Is the Green Mountain state about to become the green power state? As the battle over net metering policy is being fought in state legislatures across America, one small state has given solar advocates a big win – Vermont.
Governor Peter Shumlin signed legislation into law yesterday that will nearly quadruple the net metering cap utilities have been using, from 4% to 15% of peak load. The bill enjoyed bipartisan support, passing 136-8 in the state house and unanimously in the state senate.
Vermont may rank among the middle of the pack in America’s solar industry, but the new law is a significant validation of the value of solar energy for consumers and the overall economy, and shows utilities can work with distributed generation without falling into the “death spiral” fueling so many state-level fights.
The new cap means retail electric customers will now be compensated for sending solar energy they don’t consume back onto the grid, up until net metering payments surpass 15% of peak demand from the previous year or from 1996, whichever amount is greater. Vermont currently has 3,600 net metering projects.
“Vermont’s decision sends the clear message that rooftop solar delivers benefits to utilities, the grid, and all ratepayers,” said Bryan Miller, President of The Alliance for Solar Choice.
Any grid-connected renewable energy generation system below 500 kilowatts (kW) capacity, intended to primarily offset a consumer’s own electricity consumption will qualify for the new net metering limit, on a first-come, first-served basis.
However, a provision within the law also allows community solar gardens to qualify for net metering payments, even if they are located away from consumers, and “qualified micro-combined heat and power systems of 20kW or fewer” will also covered by the law.
Customer compensation will vary by generation technology, but for solar energy, utilities will calculate a monetary credit by multiplying excess kilowatt-hours (kWh) generated during the billing period by the kWh rate paid by the customer for electricity supplied by the utility, then apply that credit to any remaining charges on the customer’s bill. Ratepayers statewide will also benefit from the net metering legislation, as the law will also lower the net metering solar credit on larger projects.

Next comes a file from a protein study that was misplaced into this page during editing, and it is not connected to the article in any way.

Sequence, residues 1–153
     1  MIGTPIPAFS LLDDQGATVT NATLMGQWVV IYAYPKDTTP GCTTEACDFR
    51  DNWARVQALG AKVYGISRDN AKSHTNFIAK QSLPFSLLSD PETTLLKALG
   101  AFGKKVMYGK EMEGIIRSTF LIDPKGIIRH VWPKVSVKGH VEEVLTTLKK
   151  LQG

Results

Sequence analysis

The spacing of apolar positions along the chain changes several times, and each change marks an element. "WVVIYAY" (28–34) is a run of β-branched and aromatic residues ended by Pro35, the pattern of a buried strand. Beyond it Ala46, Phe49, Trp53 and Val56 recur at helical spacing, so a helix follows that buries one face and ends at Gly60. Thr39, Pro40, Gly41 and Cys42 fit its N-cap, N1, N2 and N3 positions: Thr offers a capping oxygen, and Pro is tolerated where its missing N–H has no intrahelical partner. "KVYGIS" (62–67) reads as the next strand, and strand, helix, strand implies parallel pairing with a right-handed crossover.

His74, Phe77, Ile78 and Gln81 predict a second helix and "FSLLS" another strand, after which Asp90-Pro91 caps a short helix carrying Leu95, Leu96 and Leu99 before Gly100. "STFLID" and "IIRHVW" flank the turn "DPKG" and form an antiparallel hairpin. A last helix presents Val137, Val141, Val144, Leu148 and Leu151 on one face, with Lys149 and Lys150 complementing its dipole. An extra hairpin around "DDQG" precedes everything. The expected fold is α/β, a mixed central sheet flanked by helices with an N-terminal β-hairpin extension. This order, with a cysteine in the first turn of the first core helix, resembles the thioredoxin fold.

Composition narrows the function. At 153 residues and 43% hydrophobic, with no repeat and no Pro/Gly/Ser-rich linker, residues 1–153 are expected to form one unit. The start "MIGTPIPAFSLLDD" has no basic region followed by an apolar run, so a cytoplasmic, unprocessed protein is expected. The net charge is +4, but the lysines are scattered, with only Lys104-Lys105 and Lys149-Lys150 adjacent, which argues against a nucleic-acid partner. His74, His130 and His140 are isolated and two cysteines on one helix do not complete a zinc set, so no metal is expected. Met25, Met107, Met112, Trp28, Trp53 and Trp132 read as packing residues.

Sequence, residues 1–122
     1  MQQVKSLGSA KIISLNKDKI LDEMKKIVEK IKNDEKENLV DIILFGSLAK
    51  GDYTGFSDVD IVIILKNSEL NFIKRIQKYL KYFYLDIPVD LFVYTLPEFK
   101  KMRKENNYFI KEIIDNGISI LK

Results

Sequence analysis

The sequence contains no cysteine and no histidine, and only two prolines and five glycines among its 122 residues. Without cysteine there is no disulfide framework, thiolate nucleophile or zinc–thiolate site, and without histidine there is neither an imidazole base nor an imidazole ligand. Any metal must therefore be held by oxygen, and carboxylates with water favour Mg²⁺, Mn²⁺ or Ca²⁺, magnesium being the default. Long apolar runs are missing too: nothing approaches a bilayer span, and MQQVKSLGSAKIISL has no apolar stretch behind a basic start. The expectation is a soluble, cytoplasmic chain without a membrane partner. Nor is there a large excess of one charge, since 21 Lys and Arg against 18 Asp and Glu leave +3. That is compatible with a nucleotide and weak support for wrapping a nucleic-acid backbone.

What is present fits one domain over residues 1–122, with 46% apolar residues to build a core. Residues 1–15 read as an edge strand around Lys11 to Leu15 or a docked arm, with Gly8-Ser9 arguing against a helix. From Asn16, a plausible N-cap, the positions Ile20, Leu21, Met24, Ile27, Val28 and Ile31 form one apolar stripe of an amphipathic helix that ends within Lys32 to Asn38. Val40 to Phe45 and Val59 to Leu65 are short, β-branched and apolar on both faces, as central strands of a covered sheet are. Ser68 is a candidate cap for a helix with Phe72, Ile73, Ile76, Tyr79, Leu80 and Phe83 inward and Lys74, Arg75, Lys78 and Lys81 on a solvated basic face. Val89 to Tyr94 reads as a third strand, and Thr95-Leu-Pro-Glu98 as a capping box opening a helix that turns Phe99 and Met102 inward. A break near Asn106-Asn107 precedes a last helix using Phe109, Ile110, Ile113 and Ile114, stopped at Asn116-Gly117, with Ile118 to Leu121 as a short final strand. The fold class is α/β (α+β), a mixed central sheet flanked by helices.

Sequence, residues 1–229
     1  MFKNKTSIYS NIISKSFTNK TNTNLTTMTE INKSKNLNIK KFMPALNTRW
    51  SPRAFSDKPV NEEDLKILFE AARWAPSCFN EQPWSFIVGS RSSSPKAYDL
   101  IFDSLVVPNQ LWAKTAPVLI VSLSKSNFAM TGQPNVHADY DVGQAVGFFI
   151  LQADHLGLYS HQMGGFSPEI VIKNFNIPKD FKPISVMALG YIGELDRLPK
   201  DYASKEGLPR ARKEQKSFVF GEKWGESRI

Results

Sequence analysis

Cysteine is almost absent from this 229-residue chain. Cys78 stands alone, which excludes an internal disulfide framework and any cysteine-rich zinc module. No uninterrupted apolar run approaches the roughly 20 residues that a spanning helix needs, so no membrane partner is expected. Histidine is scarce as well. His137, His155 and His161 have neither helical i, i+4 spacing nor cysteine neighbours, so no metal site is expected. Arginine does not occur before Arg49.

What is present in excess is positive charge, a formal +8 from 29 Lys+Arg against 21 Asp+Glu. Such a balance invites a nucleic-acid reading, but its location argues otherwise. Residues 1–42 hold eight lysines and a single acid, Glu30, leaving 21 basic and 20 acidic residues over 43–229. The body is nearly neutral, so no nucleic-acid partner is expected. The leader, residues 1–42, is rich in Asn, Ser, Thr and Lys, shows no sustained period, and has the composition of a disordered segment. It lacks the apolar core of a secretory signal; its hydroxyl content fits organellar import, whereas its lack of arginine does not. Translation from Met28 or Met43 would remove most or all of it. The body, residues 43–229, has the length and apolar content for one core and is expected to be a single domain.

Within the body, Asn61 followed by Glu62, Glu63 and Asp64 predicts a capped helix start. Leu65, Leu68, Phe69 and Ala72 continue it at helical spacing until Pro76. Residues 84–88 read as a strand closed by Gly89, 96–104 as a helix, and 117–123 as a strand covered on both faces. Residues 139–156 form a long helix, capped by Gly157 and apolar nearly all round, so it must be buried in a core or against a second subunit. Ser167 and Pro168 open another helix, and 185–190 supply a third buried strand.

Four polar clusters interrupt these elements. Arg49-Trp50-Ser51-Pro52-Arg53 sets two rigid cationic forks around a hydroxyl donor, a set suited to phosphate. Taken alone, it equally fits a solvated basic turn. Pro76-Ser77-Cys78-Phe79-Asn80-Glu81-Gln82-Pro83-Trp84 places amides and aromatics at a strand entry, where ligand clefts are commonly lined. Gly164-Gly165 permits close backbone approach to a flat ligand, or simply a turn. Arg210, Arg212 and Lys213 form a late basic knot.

Wider Economic, Reliability Benefits From Net Metering
But beyond customer compensation, Vermont’s net metering leadership could also boost the wider solar energy economy through additional regulatory action. Under the new law, the state’s 10-day fast-track solar permitting registration process will expand to cover projects up to 15kW in capacity from the current 10kW limit; create 5-megawatt (MW) solar pilot projects for utilities and municipalities; and start planning for additional net metering reform beginning in 2017, when federal tax credits may expire.
“Since 2011, we have quadrupled the amount of solar energy on the grid, with nearly 54MW installed or pending today,” said Governor Shumlin. “That push to expand renewable energy brings jobs to Vermont and saves ratepayers on transmission costs.”
Indeed, the state credits distributed generation with helping defer $400 million in transmission projects and saving $16 million in costs. Important facts, considering what impacts the pending Vermont Yankee nuclear power plant closure could have on state electricity supply.
In addition to cutting costs, Vermont solar energy has also created significant economic benefits, according to the Solar Energy Industries Association. 46 solar companies operate throughout the state’s solar value chain, growing 35% in 2013 to employ 1,300 total workers. 16MW of new capacity worth $47 million was installed in 2013, ranking 21st nationally, a 28% increase over 2012.
Solar And Utilities Can Play Nice Together
So as the fossil fuel funded fight against net metering plays out across the US, it’s important to remember that consumers and utilities can both win with solar.
“This major net metering expansion was the result of utilities working alongside the local solar industry and our customers to craft good policy and set a national example,” said Andrew Savage of Vermont-based AllEarth Renewables. “The policy reflects the real value solar provides and shows that Vermont’s local utilities are listening to what customers want and need.”
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